From Benedict Weerasena and Abel Benjamin Lim
There is a well-known proverb in the Malay language that goes “Sediakan payung sebelum hujan” which, in direct translation, means to prepare an umbrella before it rains.
Often quoted as a reminder of the need for prudent preparation before facing challenges, this proverb also highlights the significance of saving for a rainy day.
This underlying principle magnifies the crucial role that the Employees Provident Fund (EPF) plays in helping create a better retirement for the Malaysian workforce.
Recently, on March 2, EPF announced that a whopping 48% of contributors have less than RM10,000 in their accounts, accounting for the RM101 billion pandemic-related i-Lestari, i-Sinar and i-Citra withdrawals. Most worryingly, the savings of the bottom 40% of EPF members fell by 38% to just RM8 billion, which renders a median savings balance of RM1,005.
In other words, the umbrella meant to safeguard retirement savings is now full of holes, or in some cases, completely broken.
Notably, the withdrawal schemes during the pandemic have temporarily alleviated the financial burdens of those who have lost their jobs and are experiencing cash-flow problems. As a stop-gap measure during unprecedented times in addition to other government initiatives, many Malaysians benefitted from these schemes.
However, the repeated withdrawals to face the seemingly endless cycles of rainy days is turning into a ticking time bomb. Hence, the government’s latest decision to allow another special RM10,000 withdrawal is extremely worrying.
Was this decision driven by sound economic reasoning or political motives? How much more will this additional withdrawal deplete the savings of financially vulnerable households?
Furthermore, many of the most vulnerable might be disqualified from making another round of withdrawals, considering their account balance. Even if their applications were approved, another withdrawal will result in the loss of annual and compounded dividends, in the long run, further depleting the long-term savings of the most vulnerable from low-income communities.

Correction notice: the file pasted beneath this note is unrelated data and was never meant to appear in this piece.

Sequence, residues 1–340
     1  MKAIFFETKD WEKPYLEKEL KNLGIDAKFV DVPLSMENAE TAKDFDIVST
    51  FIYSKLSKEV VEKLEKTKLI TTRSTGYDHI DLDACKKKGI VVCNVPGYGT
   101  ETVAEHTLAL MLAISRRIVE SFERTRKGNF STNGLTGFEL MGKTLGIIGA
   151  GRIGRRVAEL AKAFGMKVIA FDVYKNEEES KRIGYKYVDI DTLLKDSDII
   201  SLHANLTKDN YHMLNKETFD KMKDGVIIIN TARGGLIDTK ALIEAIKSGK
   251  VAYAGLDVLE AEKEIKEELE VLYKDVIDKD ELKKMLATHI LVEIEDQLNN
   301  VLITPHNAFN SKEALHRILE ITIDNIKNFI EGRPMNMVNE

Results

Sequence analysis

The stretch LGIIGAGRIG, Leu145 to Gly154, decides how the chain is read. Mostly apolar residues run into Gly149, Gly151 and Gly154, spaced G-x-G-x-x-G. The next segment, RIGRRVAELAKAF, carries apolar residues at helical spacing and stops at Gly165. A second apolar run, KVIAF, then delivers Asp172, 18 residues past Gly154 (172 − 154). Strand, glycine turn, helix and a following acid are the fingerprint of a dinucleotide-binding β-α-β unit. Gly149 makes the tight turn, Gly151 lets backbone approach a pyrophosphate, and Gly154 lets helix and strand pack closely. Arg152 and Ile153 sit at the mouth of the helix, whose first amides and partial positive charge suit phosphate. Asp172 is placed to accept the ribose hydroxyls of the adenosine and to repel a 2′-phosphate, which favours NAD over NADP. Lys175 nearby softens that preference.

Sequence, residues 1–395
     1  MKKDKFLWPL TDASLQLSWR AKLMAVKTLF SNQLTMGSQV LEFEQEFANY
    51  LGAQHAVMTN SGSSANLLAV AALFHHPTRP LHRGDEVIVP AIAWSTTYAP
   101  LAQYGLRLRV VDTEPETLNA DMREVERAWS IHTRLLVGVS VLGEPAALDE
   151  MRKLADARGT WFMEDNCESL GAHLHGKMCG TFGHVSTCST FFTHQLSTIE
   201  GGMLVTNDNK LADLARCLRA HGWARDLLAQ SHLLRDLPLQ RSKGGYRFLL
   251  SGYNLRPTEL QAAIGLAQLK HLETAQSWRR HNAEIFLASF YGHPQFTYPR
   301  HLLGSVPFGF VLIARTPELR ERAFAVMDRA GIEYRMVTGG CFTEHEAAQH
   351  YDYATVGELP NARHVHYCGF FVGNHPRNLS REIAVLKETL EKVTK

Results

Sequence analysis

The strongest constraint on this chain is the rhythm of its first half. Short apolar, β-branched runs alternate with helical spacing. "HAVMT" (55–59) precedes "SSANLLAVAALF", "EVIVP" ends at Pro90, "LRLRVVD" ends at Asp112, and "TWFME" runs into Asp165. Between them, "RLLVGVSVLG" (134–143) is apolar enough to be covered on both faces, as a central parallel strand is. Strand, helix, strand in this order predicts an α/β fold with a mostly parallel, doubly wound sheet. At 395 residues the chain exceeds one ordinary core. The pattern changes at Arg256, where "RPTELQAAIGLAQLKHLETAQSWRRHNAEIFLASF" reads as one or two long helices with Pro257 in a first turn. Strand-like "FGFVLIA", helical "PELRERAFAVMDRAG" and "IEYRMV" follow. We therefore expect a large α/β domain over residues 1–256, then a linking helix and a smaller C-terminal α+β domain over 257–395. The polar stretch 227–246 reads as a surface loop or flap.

This was the case in the most recent 6.1% dividend announcement, whereby the majority with minimal savings left could not benefit much from the highest dividend payment since 2017 when EPF declared a 6.9% dividend.
Repeated withdrawals will only lead to shrinking capital, jeopardising the ability of EPF to generate income and better dividends for a brighter future. In the long run, Malaysia will face an uphill task of addressing old-age poverty and the financial vulnerability of households in an ageing society.
From the onset, EPF’s mission and vision are to help members achieve a better future through continuous improvement in safeguarding members’ savings and delivering excellent services. Thus, the repeated withdrawals do not align with the raison d’être of the retirement scheme.
In short, EPF is never meant to be an emergency relief fund. Instead, we strongly need to reinforce EPF’s position as a trustworthy provident fund and dependable trustee to members’ retirement future.
Moreover, we call upon the government to proactively expand the various forms of financial aid to individuals and businesses to recover from the impact of the prolonged pandemic in the immediate term, instead of caving in to the demands for Malaysians to dip into their retirement funds.
Looking beyond EPF, we hope that the 12th Malaysia Plan will live up to its endeavour by prioritising people’s welfare and social protection. What’s crucial now and beyond is to reduce our population’s exposure to risk. This will help enhance their capacity to not only protect themselves from low retirement savings, but also against unforeseen interruption of income.
In other words, income security in a post-working age should be the core emphasis as we are living in an ageing population. In the long term, we also need to re-evaluate and reform the coverage of social protection measures for communities across Malaysia to effectively address vulnerability to poverty.
Benedict Weerasena is Research Director and Abel Benjamin Lim is Head of Development Economics at Bait Al Amanah.
The views expressed are those of the writers and do not necessarily reflect those of FMT.